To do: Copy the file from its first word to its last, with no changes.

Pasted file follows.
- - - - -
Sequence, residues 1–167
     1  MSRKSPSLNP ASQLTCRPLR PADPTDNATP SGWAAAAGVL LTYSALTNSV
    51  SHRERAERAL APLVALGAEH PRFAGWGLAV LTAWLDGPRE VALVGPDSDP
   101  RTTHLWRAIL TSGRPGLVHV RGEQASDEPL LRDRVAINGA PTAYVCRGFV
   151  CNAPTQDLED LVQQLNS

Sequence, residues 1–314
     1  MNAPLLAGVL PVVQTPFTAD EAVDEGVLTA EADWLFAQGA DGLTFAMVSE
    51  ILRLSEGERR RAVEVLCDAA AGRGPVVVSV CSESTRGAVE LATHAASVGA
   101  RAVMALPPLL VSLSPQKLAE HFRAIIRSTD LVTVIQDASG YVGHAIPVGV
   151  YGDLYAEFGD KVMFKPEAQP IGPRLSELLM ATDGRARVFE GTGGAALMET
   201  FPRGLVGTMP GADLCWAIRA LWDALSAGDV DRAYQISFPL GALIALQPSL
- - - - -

Sequence, residues 1–167
     1  MSRKSPSLNP ASQLTCRPLR PADPTDNATP SGWAAAAGVL LTYSALTNSV
    51  SHRERAERAL APLVALGAEH PRFAGWGLAV LTAWLDGPRE VALVGPDSDP
   101  RTTHLWRAIL TSGRPGLVHV RGEQASDEPL LRDRVAINGA PTAYVCRGFV
   151  CNAPTQDLED LVQQLNS

Sequence, residues 1–314
     1  MNAPLLAGVL PVVQTPFTAD EAVDEGVLTA EADWLFAQGA DGLTFAMVSE
    51  ILRLSEGERR RAVEVLCDAA AGRGPVVVSV CSESTRGAVE LATHAASVGA
   101  RAVMALPPLL VSLSPQKLAE HFRAIIRSTD LVTVIQDASG YVGHAIPVGV
   151  YGDLYAEFGD KVMFKPEAQP IGPRLSELLM ATDGRARVFE GTGGAALMET
   201  FPRGLVGTMP GADLCWAIRA LWDALSAGDV DRAYQISFPL GALIALQPSL